Introduction to the verb capituler
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The English translation of the French verb capituler is “to surrender” or “to capitulate”. It is pronounced as “kah-pee-too-lay” in the infinitive form.
Capituler originated from the Latin word “capitulum” which means “small head” or “chapter”. In the 16th century, it was used in French as “capituler” to refer to the act of ending a war or a conflict by signing a treaty or an agreement. Over time, it evolved to also mean surrendering or giving in to someone or something.
In everyday French, capituler is most often used in the Passé Composé tense to talk about past actions or events. It is often used to describe a surrender or capitulation in a historical context.
- Les troupes ennemies ont capitulé après des mois de combats acharnés. (The enemy troops surrendered after months of fierce fighting.)
- En 1945, l’Allemagne a capitulé et mis fin à la Seconde Guerre Mondiale. (In 1945, Germany surrendered and ended World War II.)
- La ville a capitulé face aux revendications des manifestants. (The city surrendered to the demands of the protesters.)
In these examples, capituler is used to describe a surrender or capitulation in different contexts. In the first example, it is used to talk about a military surrender, while in the second example it is used to describe a surrender of a country in a war. In the third example, it is used to talk about a surrender to demands or requests.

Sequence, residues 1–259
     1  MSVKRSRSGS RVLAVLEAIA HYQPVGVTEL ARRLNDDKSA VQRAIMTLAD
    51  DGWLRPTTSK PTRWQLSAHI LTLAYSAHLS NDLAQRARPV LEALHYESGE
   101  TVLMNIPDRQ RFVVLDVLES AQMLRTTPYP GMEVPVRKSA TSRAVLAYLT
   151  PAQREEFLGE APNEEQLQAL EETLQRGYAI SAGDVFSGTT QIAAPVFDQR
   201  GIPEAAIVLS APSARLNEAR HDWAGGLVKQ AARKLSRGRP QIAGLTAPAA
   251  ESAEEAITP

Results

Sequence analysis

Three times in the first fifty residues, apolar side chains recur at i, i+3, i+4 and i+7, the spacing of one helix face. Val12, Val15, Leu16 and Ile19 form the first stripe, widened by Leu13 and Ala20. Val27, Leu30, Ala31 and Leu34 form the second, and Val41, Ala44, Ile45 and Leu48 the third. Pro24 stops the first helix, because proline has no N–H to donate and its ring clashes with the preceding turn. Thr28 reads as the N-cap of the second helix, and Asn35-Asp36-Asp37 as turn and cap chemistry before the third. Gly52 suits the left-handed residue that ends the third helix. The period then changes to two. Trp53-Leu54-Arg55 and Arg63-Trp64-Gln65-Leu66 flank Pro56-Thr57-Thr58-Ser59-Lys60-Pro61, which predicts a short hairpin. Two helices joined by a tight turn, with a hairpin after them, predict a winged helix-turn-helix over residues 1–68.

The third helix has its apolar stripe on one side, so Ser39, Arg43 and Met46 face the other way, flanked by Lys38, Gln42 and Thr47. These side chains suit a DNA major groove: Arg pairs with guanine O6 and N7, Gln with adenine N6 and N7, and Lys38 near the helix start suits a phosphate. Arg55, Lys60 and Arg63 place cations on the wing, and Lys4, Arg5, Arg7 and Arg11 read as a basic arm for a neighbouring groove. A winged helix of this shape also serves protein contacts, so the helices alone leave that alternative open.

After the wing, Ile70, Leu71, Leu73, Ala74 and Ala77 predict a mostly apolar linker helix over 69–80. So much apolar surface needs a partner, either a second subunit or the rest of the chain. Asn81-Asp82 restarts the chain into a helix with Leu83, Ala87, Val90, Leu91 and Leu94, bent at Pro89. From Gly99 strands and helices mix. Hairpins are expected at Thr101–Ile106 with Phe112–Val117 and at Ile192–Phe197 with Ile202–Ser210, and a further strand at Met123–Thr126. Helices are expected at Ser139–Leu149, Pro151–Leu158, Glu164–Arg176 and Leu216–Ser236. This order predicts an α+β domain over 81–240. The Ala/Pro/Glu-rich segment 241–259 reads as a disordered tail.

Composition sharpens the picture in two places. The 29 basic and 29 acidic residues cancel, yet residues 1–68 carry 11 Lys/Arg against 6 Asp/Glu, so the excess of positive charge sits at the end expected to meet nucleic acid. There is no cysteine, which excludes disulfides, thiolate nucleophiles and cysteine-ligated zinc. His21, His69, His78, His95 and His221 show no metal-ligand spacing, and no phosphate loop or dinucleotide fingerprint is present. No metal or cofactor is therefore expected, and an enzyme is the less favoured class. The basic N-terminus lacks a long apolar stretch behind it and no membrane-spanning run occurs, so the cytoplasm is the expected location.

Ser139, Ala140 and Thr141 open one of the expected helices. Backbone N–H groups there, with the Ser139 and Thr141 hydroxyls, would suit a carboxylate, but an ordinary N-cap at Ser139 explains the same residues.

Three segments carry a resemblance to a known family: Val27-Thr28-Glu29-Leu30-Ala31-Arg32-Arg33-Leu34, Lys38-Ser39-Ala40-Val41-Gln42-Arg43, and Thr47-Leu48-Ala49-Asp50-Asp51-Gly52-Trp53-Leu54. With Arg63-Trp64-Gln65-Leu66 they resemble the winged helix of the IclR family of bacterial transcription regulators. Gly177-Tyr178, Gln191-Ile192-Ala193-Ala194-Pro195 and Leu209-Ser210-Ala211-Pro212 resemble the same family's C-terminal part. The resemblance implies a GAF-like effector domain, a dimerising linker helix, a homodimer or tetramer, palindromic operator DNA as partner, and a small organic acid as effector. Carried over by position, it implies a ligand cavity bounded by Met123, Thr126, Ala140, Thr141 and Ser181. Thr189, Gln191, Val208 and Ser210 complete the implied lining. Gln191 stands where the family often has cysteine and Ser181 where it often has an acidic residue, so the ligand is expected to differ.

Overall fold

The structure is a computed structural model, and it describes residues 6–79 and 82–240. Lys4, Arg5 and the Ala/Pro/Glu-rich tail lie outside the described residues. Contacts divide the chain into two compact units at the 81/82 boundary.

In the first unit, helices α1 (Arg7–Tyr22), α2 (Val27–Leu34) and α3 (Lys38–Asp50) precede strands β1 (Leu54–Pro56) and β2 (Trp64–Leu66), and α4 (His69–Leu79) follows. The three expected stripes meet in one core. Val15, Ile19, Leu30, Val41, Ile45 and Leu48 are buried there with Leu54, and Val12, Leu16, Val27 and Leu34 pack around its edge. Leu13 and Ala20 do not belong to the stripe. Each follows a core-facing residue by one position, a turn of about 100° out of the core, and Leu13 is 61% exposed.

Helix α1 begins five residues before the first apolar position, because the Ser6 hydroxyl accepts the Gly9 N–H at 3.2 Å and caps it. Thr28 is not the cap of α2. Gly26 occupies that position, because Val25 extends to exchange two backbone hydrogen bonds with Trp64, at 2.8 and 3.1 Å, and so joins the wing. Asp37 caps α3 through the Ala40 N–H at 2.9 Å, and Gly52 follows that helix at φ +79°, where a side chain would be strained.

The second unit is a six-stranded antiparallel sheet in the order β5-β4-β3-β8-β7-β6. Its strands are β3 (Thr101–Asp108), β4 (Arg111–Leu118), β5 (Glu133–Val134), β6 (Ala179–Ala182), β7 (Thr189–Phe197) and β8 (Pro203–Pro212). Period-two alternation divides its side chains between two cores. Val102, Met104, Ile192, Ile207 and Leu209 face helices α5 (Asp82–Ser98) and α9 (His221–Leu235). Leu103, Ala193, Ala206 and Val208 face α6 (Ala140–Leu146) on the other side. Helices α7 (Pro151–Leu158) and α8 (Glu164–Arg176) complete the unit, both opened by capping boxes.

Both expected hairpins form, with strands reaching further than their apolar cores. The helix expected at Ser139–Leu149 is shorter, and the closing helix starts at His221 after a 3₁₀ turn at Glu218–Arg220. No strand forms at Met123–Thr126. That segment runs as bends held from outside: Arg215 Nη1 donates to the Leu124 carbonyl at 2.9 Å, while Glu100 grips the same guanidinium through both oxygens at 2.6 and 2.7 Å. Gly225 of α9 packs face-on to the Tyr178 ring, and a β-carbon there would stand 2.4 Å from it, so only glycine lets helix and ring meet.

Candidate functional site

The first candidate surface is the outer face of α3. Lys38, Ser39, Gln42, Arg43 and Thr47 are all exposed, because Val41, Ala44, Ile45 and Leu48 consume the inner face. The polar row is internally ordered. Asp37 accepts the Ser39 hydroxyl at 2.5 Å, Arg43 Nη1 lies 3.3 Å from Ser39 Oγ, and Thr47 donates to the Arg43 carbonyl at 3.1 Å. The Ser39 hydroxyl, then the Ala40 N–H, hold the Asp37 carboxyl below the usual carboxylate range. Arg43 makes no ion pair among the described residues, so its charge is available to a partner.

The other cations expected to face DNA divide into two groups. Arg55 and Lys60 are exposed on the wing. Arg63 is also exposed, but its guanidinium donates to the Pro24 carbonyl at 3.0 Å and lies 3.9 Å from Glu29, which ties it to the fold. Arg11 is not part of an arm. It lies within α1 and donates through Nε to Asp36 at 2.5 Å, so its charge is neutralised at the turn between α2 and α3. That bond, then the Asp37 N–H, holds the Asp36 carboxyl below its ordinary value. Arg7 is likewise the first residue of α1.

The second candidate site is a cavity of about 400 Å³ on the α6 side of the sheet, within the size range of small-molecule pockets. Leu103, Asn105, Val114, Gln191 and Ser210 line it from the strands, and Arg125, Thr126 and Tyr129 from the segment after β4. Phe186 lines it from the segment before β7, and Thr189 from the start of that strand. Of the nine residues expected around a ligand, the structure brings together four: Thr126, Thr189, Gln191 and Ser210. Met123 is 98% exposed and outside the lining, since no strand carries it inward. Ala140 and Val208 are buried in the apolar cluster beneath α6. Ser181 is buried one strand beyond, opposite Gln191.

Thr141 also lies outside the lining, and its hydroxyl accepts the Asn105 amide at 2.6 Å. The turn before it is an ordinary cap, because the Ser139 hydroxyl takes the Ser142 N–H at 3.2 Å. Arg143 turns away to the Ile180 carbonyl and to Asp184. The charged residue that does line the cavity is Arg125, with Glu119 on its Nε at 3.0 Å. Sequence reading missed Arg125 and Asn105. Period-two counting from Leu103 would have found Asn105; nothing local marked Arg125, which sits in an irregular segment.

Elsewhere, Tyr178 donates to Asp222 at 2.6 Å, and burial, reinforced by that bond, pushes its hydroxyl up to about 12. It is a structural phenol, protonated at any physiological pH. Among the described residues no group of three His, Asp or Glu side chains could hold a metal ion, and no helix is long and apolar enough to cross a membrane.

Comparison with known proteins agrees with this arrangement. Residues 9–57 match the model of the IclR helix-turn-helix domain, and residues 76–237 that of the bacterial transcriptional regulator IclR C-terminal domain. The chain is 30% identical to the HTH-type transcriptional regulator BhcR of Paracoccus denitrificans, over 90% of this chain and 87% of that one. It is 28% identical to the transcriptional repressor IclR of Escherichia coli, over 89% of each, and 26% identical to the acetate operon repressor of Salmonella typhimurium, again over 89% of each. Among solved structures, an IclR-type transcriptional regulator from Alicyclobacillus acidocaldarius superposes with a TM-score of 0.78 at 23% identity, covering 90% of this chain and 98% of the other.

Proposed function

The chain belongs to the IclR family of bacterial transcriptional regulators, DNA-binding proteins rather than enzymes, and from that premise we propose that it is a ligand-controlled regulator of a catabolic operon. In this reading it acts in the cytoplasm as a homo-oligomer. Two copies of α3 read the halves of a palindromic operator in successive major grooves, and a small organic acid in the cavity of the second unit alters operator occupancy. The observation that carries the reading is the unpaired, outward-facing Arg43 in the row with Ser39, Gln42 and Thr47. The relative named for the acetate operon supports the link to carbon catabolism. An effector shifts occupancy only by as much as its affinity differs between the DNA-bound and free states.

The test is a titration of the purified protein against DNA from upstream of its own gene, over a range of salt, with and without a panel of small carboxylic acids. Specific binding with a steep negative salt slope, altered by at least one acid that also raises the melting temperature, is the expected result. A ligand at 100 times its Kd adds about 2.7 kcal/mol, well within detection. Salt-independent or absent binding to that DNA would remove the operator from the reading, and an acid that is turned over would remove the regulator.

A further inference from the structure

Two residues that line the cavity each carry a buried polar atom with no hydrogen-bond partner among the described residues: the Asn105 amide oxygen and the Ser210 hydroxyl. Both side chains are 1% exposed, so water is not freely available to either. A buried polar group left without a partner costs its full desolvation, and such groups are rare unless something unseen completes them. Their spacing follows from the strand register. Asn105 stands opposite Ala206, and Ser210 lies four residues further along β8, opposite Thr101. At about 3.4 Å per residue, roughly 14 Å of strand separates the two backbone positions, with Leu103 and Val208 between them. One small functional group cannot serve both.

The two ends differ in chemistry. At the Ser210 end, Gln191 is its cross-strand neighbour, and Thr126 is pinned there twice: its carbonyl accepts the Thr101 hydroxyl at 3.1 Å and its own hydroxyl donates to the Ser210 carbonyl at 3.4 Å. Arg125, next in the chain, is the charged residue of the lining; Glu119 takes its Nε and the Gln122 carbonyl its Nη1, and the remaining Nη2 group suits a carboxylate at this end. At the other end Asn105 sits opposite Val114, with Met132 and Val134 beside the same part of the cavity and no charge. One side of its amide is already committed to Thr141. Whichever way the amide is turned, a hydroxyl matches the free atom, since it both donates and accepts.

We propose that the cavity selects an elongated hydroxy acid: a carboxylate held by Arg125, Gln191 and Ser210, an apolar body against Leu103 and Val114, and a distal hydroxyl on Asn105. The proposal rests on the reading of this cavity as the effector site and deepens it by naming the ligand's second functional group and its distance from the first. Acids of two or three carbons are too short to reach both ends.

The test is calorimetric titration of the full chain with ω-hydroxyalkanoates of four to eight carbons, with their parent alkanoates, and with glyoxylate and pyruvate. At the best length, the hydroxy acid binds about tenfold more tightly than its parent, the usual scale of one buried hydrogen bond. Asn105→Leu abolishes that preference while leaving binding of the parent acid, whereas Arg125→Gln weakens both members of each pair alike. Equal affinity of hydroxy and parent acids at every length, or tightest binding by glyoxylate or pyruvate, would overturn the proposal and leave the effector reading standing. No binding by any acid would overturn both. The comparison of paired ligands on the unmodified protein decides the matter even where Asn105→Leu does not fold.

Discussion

Table of the Passé Composé (Present Perfect) Tense Conjugation of capituler
|J’ai capitulé sans conditions.
|I capitulated unconditionally.
|Tu as capitulé sous la pression.
|You capitulated under pressure.
|Il a capitulé devant l’ennemi.
|He capitulated in front of the enemy.
|Elle a capitulé face à l’adversité.
|She capitulated in the face of adversity.
|On a capitulé sans résistance.
|We capitulated without resistance.
|Nous avons capitulé sous les conditions.
|We capitulated under the conditions.
|Vous avez capitulé sous la menace.
|You capitulated under the threat.
|Ils ont capitulé malgré les obstacles.
|They capitulated despite the obstacles.
|Elles ont capitulé après la défaite.
|They capitulated after the defeat.
Other Conjugations for Capituler.
Le Present (Present Tense) Conjugation of the French Verb capituler
Imparfait (Imperfect) Tense Conjugation of the French Verb capituler
Passé Simple (Simple Past) Tense Conjugation of the French Verb capituler
Passé Composé (Present Perfect) Tense Conjugation of the French Verb capituler (this article)
Futur Simple (Simple Future) Tense Conjugation of the French Verb capituler
Futur Proche (Near Future) Tense Conjugation of the French Verb capituler
Plus-que-parfait (Pluperfect) Tense Conjugation of the French Verb capituler
Passé Antérieur (Past Anterior) Tense Conjugation of the French Verb capituler
Futur Antérieur (Future Anterior) Tense Conjugation of the French Verb capituler
Subjonctif Présent (Subjunctive Present) Tense Conjugation of the French Verb capituler
Subjonctif Passé (Subjunctive Past) Tense Conjugation of the French Verb capituler
Subjonctif Imparfait (Subjunctive Imperfect) Tense Conjugation of the French Verb capituler
Subjonctif Plus-que-parfait (Subjunctive Pluperfect) Tense Conjugation of the French Verb capituler
Conditionnel Présent (Conditional Present) Tense Conjugation of the French Verb capituler